Sunday’s football game — you know, the only one played that day — gave us another one of those fantastic moments in sports announcing where the commentators get so worked up in a tirade that they’re unable to stop and realize how hypocritical/ignorant/hilarious/infuriating they’re actually sounding.
This one came from the finely jowled man to my left: Jim Nantz.
Late in the second half (among many, many other times), Nantz got going on Steeler’s safety Anthony Smith who, in case you didn’t know, had guaranteed victory over the Patriots earlier in the week. Here is a link to the more than 750 news articles involving the words “anthony smith” and “guarantee” — proof that a second year player did, in fact, shock the world with his unbelievable brass.
Nantz was outraged over the entire concept of player guarantees. He called them cliche, stupid, pointless, and he got particularly worked up when talking about Smith’s teammates who defended the safety by saying, “at least it got him all over ESPN.” Boy howdy did that get Nantz hotter than a Texas tea kettle. So hot that he spent the next few minutes of air time bantering about how dumb it is for people to say things just for the attention, and how stupid it makes the PLAYERS look when they say these things and get them plastered all over every major news outlet and into the all-important broadcast time of an NFL football game.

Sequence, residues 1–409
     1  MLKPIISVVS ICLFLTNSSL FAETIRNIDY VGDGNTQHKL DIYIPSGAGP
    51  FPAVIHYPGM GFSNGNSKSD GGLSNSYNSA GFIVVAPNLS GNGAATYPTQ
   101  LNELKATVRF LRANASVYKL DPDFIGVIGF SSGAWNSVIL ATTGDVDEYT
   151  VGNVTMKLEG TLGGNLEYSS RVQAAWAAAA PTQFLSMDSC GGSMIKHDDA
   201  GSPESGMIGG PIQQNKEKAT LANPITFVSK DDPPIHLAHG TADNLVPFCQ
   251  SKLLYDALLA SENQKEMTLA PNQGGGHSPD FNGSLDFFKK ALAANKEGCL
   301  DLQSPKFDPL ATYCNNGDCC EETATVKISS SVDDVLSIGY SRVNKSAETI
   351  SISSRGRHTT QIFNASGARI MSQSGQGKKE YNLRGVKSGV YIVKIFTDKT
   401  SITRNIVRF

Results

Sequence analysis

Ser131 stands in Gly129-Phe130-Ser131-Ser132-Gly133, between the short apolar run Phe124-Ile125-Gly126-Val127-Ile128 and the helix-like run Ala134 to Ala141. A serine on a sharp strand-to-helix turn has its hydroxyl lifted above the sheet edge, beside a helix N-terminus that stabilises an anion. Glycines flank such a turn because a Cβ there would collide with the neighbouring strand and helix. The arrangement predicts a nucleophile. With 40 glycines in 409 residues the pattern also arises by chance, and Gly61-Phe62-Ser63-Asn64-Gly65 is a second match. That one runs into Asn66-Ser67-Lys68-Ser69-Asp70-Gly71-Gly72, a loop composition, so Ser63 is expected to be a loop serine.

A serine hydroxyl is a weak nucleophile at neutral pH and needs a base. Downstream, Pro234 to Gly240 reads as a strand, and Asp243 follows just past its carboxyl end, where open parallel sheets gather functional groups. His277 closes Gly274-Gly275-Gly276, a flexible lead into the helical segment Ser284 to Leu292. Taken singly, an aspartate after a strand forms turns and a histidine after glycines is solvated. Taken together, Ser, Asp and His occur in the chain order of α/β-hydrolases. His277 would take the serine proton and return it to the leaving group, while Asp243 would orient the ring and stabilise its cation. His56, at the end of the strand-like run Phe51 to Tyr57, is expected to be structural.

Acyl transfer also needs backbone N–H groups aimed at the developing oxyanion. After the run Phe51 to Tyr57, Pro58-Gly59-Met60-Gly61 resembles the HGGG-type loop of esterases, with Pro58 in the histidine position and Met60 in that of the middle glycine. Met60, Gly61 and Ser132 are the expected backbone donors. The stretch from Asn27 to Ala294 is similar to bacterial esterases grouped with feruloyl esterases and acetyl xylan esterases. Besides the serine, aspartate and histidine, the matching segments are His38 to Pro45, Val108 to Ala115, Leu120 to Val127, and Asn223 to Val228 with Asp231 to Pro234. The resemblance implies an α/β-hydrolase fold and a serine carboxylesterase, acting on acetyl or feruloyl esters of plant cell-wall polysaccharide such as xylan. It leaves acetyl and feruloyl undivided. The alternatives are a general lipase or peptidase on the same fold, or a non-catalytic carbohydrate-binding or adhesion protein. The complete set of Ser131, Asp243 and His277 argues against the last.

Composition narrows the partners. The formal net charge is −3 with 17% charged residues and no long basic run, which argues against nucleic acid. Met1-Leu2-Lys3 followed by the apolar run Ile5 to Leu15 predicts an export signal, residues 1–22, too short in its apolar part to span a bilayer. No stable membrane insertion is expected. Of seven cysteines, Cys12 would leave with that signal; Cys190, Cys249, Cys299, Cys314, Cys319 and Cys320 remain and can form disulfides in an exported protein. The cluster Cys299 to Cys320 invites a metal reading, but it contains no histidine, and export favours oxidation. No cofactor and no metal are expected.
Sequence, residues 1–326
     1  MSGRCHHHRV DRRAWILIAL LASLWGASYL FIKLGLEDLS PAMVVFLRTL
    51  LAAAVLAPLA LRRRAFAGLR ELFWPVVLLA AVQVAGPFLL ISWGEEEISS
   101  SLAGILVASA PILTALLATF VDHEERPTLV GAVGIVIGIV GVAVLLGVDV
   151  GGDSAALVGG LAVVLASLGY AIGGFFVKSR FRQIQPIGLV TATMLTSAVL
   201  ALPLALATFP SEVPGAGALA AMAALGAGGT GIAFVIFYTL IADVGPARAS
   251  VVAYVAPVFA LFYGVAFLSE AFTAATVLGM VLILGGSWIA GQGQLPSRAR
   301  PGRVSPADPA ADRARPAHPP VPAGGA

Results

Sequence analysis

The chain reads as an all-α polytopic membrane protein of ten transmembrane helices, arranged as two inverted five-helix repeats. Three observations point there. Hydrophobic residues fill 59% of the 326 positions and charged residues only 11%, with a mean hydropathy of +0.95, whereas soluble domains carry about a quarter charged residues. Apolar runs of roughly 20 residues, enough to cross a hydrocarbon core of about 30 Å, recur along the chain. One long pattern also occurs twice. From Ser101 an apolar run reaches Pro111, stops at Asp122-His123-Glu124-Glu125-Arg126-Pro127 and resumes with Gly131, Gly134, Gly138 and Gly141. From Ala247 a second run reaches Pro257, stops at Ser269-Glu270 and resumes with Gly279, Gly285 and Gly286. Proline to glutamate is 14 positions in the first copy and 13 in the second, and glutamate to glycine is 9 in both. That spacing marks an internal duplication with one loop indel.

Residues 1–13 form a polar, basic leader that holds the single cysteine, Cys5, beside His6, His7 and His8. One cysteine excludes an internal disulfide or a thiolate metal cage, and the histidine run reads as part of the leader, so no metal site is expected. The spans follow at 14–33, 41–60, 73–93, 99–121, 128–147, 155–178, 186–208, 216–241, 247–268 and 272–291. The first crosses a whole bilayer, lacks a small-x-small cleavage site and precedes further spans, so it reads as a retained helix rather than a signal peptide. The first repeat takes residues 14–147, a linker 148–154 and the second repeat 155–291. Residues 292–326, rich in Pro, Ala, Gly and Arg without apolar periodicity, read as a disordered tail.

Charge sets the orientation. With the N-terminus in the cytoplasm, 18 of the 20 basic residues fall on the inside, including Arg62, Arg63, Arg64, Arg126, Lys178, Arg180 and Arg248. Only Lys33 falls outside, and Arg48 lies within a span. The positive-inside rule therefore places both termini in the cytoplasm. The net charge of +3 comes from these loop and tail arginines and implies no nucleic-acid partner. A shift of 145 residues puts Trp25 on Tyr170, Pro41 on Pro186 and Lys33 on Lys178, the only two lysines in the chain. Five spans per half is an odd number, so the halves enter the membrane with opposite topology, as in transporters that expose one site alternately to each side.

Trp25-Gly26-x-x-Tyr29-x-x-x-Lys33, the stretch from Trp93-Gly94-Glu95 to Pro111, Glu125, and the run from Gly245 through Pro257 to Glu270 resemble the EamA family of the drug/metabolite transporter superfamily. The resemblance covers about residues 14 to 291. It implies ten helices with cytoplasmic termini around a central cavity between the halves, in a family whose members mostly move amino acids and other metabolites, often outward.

Whoa. Wait. Tell me once again who is making the mistake here, Jim? The player for running his mouth (cuz that’s never happened before) or people like ESPN and, um, YOU, who spend countless minutes and hours dribbling on and on about how asinine the player is for making a guarantee. Please tell me we’re all catching the flawed logic here.
This all falls back to one of my biggest gripes about journalists, and more often, T.V. journalists. The lightning-quick ability to point the finger, and the child-like stubbornness to point it back at themselves. It’s as if news people somehow forget their own involvement with the news. They’re so inhumanly programed to get riled up over the same old stories, that they fail to acknowledge the vast amount of control they have over the situation.
So Jim, want to know the best way to cut all the ridiculous guarantee crap? Sound off to your writers and producers — not the rest of the country. We already agree with you.